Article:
Mark Van Stone, a professor and Mayan glyph expert from Southwestern College, Chula Vista, said the Mayan calendar doesn't end Dec. 21.

Over a Mayan meal at the Guatemalan Amalia's restaurant, Van Stone said he was awestruck by the amount of Mayan 2012 literature at bookstores which he says is 90 percent fantasy.

"Since we know so little about them," he said. "We can almost say anything we want."

Flipping through an interactive book, he points to infamous Monument 6, which is the only reference the Mayans have on the Dec 21, 2012 date, Van Stone says. It says, "4 how, 3 kon keen. It will be the end of 13 bak-tuns."

After this, the stones break and Van Stone says Doomsday theorists have latched onto this broken tablet and have used Murphy's law that "What can go wrong will go wrong" to justify the Armageddon hypothesis. 

After further decipherment, Van Stone can conclude that the tablet would say, "This god. 9-Dog-Tree, the god of palaces, is going to get dressed, he is going to wear a costume, and he is going to impersonate a god."

Van Stone translates 9-Dog-tree, the god of palaces as being the deity Bolon Yokte, who is a lower ranking god for the Mayans. Normally it is king's who impersonates the gods on important dates, however this tablet implies that Bolon Yokte will be impersonating another god for an unknown reason. The glyph is puzzling but not unique, since Mayan kings would often refer to dates in the future, especially a date like Dec. 21, 2012 which was considered auspicious.

If we take this stone literally, we should see a low ranking Mayan god get dressed to impersonate another god on Friday the 21st. But Mayan texts never indicate that gods would interact with humans, so it is unlikely that we will see a god come down from the sky and put on a costume.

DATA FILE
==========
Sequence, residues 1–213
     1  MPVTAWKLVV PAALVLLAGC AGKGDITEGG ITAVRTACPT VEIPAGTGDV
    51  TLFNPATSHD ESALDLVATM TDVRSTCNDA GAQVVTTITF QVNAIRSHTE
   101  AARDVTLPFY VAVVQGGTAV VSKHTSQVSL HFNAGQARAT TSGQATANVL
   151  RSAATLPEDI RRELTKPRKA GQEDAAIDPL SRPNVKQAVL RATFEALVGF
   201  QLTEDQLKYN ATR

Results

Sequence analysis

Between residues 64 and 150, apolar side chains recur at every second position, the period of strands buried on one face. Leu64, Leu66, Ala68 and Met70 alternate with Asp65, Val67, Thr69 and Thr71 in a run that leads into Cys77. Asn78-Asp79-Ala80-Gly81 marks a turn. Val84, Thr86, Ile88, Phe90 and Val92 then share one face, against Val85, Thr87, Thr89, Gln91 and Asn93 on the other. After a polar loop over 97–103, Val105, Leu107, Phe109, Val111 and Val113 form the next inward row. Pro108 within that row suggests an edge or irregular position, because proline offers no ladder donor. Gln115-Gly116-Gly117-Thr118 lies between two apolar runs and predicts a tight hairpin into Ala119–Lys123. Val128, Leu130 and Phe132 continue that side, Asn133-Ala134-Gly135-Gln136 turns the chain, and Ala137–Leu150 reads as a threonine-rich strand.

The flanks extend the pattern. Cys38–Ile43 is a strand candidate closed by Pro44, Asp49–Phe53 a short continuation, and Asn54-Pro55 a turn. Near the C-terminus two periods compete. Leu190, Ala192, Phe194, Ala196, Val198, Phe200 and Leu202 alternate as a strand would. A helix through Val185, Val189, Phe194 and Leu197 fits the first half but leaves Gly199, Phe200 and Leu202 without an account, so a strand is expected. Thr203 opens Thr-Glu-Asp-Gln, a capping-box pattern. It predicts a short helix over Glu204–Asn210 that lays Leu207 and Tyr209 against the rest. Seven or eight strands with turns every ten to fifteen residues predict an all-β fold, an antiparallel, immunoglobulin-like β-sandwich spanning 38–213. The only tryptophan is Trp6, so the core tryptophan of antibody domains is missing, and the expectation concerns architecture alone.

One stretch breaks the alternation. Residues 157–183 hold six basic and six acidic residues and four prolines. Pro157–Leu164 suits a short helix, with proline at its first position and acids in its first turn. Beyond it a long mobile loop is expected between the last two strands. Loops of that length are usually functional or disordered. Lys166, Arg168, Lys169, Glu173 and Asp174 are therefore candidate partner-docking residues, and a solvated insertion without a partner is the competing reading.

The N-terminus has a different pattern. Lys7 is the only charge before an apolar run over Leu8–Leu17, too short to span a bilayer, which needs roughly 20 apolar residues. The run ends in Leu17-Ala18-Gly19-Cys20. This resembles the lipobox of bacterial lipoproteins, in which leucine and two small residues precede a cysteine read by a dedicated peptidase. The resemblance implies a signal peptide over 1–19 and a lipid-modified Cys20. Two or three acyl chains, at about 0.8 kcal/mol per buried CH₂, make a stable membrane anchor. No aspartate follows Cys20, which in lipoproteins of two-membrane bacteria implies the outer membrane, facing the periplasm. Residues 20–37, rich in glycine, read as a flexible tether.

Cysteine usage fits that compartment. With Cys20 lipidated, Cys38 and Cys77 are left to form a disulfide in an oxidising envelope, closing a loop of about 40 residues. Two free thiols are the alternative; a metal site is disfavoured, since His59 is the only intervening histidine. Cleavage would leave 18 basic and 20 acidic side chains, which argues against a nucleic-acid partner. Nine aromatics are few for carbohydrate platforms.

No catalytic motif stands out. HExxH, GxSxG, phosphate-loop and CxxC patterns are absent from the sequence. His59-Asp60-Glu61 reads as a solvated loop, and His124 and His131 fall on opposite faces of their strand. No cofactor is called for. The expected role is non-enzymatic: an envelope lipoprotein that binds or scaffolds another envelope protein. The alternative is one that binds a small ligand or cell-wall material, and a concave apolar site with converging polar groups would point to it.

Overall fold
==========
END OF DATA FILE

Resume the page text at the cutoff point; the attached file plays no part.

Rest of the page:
Van Stone's cheery demeanor gives way to more chilling prophecies. He reckons that people bought into the 2012 theory because the world is going to hell with climate change, economic and political unrest.

"Humans are driving the planet towards a cliff, and no one is control," he said. "Which is why some are relieved if Bolon Yokte shows up and grabs the wheel." Indeed, Van Stone is not against Ronal's business

"Maybe with the way humanity is going," he said. "It might be a good idea to keep a year's worth of supplies in your basement, like all the Mormons do."

Marie D. Jones, a bestselling author and radio host who has written many books on the Mayan Doomsday theory, said, "If something catastrophic like that happens. I would rather go to the next level than live in a bomb shelter for three years and come out to a wasteland."

"The Mayans never talked about a galactic alignment," Jones adds. "That was something added on by white people."

Hubbard says he doesn't believe anything, but that he beliefs enough to be prepared.

"I'm not a nutcase," he said. "I checked the facts and got prepared to be safe than sorry."